Cottonwood Flats Trail (1.4 km)
This trail runs along the banks of the Red Deer River and is surrounded by cottonwood trees. If you are a bird-watching enthusiast, you might want to watch as most birds residing within the Dinosaur Provincial Park call those woods their home.
Coulee Viewpoint Trail (0.9 km)
Starting from the park’s visitor’s center, this trail has quite a hilly terrain and provides beautiful views of the badlands landscape. It is recommended to go on this trail only during favorable weather conditions owing to its high ridges.
Prairie Trail (0.3 km)
Located at the entrance of the Dinosaur Provincial Park, it is a short trail amid a prairie.
Trail of the Fossil Hunters (0.9 km)
This trail traces the path taken by former fossil hunters in their search for glory and quest for discovery.
2. Guided Tours
You can take different interpretive guided tours to enjoy different experiences. The guided tours ranging from 2 to 4 hours involve guided hikes in the Natural Preserve, family-oriented programs to provide the right mix of education and fun.
If you want, there are also programs to educate yourself on the different aspects of the provincial park.
You can dig for dinosaur bones, take an up-close and personal look at real dinosaur bones and fossils and who knows, if you are lucky enough, you might come across a previously undiscovered fossil and add your name against the famous paleontologists who have come before. Okay, that last part seems unlikely, but still, it is a worthwhile experience.
It should be noted that taking any fossil or dinosaur bones out of the park is a punishable offense. It is recommended that you book your desired guided tour beforehand, as they generally tend to be in high demand, and on the spot, the booking may not be possible.
3. Fossil Display Houses
There are two fossil display houses located along the public scenic loop road. The first display house contains the almost complete skeleton of a duck-billed dinosaur, fossilized and partially encompassed in the sediment in which they were buried over 75 million years ago. It is famously known as the “headless hadrosaur.”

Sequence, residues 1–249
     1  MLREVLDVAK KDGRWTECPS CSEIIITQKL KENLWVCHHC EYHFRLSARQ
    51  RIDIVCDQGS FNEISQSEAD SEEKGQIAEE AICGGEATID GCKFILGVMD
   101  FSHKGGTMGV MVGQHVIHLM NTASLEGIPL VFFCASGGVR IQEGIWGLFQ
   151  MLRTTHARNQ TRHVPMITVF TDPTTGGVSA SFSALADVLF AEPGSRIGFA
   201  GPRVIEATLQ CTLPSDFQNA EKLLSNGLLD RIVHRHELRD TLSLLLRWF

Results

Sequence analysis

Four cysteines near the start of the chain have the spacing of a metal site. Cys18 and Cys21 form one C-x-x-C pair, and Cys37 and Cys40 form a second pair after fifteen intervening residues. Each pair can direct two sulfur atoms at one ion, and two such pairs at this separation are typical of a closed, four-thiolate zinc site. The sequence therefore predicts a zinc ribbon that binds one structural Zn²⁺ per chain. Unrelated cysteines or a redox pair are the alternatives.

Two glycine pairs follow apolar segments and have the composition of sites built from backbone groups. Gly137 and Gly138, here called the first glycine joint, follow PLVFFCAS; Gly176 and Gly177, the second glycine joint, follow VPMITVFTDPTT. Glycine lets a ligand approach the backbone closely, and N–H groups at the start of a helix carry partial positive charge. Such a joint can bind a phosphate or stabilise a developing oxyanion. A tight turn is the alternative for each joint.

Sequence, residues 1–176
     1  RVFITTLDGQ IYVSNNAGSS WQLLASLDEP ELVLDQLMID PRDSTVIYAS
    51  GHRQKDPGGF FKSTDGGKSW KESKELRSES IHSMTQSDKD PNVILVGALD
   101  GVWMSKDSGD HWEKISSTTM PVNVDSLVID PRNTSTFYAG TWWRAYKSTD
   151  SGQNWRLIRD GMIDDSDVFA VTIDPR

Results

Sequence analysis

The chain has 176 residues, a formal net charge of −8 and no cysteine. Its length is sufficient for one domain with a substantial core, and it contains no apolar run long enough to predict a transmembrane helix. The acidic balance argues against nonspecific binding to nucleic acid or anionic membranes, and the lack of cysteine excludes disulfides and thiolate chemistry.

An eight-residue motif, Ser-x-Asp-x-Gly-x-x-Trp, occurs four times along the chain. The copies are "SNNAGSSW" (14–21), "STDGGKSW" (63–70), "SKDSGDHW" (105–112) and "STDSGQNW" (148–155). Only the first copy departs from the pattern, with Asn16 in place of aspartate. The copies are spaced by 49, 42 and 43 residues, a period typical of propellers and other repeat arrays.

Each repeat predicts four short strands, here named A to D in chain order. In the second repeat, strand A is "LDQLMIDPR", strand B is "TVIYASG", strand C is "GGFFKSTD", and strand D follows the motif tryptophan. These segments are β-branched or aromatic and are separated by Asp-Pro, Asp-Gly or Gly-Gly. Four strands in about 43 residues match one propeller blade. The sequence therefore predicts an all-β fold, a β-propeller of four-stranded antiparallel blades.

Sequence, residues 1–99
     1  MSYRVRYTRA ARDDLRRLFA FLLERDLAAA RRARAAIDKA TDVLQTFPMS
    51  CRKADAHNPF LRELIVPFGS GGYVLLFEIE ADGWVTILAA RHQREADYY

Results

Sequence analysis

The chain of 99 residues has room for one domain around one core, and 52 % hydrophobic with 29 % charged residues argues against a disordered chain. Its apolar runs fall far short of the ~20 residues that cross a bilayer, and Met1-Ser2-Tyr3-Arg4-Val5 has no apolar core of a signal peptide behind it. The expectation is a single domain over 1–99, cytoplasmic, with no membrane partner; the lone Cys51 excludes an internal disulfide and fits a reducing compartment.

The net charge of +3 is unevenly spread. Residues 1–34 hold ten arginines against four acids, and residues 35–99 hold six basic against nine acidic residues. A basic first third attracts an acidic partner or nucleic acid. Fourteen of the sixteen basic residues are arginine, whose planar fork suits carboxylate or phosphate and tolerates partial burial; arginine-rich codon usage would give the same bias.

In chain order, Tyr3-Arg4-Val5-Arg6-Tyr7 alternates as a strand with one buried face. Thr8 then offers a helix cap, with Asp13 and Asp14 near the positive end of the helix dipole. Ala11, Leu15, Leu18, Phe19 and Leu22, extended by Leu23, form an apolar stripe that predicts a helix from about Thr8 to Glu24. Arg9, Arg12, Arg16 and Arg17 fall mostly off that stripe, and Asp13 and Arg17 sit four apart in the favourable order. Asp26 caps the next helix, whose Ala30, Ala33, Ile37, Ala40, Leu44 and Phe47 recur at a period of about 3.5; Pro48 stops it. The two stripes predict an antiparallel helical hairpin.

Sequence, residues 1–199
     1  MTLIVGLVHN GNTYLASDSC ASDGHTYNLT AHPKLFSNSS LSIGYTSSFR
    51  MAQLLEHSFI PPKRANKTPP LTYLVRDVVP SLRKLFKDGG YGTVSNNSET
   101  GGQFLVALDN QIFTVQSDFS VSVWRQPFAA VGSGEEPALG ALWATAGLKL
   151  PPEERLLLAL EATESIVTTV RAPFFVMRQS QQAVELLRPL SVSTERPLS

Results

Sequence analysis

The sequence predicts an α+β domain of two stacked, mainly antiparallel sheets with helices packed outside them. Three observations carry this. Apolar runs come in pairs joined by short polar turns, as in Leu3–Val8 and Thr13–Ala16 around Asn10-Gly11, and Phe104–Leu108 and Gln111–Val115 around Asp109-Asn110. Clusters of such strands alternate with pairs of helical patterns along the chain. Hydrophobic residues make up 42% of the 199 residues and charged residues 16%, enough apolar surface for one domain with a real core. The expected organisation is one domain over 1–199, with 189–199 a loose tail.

The second display house contains a paleontological recreation of a quarry located in the park, called the Centrosaurus Bone-Bed.
4. John Ware Cabin
The cabin dedicated to the legendary African-American rancher John Ware, a transformative figure with ranching in the province, showcases artifacts and items relating to him and provides information about his life and legacy.
The John Ware Cabin is open only on weekends during July and August or by special appointment.
5. Visitor’s Centre
The park has a visitor’s center called the Dinosaur Provincial Park Interpretive Centre & Museum, which has a small gift shop and a museum.
The museum has some stunning displays of fossils that were unearthed from the provincial park while also being informative about the geological and ecological environment of the badlands.
There are also some interactive exhibits and family theatre shows. Entry to the museum, interactive exhibits, and the theatre requires a small fee.
6. Eating in the Cretaceous Cafe
An aptly named eatery, the Cretaceous Cafe has some common fast food options like burgers and poutines to satiate your hunger and is a handy component of the park as there are no nearby restaurants.
If you want to camp at Dinosaur Provincial Park, it is also the check-in point and has camping supplies for sale. It also has laundry machines and houses the camp’s shower facilities.
7. Paddling in the Red Deer River
You can paddle through the Red Deer River by canoes and kayaks and thus, experience the wonders of Dinosaur Provincial Park from the perspective of the river flowing through it.